…. in the form of this beautiful female common darter Sympetrum striolatum that rested awhile with us today. I’m reasonably confident of the identification, due to the shape and extent of the black pattern at the base of the frons (the dorsal part of the face, i.e. ‘the nose’).
Damselflies have also visited in the past few days, likely drawn in by the small pond we put into the garden last autumn. A Large Red Damselfly Pyrrhosoma nymphula came in it’s cadmium markings, surprisingly inconspicuous when it was still, disappearing into the the red stems of the native geraniums that surround one side of the pond.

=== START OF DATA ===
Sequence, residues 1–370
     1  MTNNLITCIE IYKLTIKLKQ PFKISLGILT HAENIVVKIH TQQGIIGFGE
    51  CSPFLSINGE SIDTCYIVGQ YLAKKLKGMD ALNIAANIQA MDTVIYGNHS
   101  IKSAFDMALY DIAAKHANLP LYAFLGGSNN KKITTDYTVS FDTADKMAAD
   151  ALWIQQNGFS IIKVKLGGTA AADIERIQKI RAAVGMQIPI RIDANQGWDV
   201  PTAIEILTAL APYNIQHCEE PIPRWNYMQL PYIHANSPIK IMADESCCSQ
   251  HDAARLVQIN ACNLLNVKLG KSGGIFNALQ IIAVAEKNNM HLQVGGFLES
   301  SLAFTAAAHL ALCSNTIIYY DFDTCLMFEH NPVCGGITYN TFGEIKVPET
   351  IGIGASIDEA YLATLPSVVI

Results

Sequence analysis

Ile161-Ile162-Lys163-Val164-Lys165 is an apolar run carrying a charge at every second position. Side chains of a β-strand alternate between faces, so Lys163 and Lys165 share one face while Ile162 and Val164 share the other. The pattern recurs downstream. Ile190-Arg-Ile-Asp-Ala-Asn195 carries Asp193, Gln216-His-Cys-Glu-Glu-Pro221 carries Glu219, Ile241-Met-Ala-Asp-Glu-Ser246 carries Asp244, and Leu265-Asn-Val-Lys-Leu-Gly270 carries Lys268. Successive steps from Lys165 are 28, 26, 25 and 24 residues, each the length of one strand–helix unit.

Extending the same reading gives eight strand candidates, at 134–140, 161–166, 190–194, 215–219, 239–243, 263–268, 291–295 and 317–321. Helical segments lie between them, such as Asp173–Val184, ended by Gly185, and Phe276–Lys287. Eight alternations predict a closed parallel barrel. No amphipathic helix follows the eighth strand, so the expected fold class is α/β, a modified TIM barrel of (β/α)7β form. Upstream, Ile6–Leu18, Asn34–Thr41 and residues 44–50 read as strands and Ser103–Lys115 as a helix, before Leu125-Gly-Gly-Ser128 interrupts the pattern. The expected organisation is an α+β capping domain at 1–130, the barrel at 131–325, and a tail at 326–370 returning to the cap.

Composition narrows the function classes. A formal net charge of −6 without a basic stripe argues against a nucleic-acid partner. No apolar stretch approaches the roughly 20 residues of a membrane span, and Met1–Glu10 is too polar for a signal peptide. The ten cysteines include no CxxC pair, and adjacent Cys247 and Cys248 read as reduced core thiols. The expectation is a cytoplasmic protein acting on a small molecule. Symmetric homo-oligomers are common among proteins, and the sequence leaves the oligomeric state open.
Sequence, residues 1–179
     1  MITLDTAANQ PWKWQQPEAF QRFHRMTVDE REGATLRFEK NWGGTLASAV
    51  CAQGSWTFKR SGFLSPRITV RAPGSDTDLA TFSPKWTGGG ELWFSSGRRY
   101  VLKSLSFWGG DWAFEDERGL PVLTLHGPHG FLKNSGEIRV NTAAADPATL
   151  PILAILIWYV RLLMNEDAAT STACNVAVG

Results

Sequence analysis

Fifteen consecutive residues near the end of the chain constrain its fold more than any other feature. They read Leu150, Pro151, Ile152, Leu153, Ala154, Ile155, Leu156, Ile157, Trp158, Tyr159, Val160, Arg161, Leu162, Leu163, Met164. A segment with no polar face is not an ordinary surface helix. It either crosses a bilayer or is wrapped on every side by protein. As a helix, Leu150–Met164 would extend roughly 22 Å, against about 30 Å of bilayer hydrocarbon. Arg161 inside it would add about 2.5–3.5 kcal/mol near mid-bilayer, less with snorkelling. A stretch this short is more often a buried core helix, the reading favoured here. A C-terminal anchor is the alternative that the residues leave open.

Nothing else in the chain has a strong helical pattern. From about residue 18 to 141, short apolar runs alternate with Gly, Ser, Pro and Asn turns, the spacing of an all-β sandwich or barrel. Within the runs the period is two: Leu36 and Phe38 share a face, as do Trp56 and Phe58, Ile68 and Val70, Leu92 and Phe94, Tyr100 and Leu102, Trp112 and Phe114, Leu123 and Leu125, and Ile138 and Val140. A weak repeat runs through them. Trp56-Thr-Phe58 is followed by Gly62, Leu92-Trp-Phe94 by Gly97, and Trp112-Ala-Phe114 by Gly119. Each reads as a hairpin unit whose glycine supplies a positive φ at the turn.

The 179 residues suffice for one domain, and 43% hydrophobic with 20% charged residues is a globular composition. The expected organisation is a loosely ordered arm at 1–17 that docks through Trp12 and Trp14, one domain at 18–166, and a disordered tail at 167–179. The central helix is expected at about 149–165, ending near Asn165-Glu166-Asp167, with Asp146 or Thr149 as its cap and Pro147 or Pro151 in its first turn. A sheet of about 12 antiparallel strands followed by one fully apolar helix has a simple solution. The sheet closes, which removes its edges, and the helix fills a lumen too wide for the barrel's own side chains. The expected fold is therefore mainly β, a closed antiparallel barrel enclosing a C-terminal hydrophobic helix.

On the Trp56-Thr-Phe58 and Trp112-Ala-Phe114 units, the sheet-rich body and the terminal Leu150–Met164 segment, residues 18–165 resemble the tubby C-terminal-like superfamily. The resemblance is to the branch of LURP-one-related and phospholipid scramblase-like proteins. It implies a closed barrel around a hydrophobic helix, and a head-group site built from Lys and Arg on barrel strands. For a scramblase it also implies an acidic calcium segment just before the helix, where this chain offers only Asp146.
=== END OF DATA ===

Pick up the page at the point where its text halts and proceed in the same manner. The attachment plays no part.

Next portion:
The other was a male Common Blue, Enallagma cyathigerum. A bit of research tells me that the female of this species is known to dive to a depth of a metre to lay its eggs, often incapable of breaking the water’s surface tension on it’s return to the surface and drowning if not rescued by a passing male.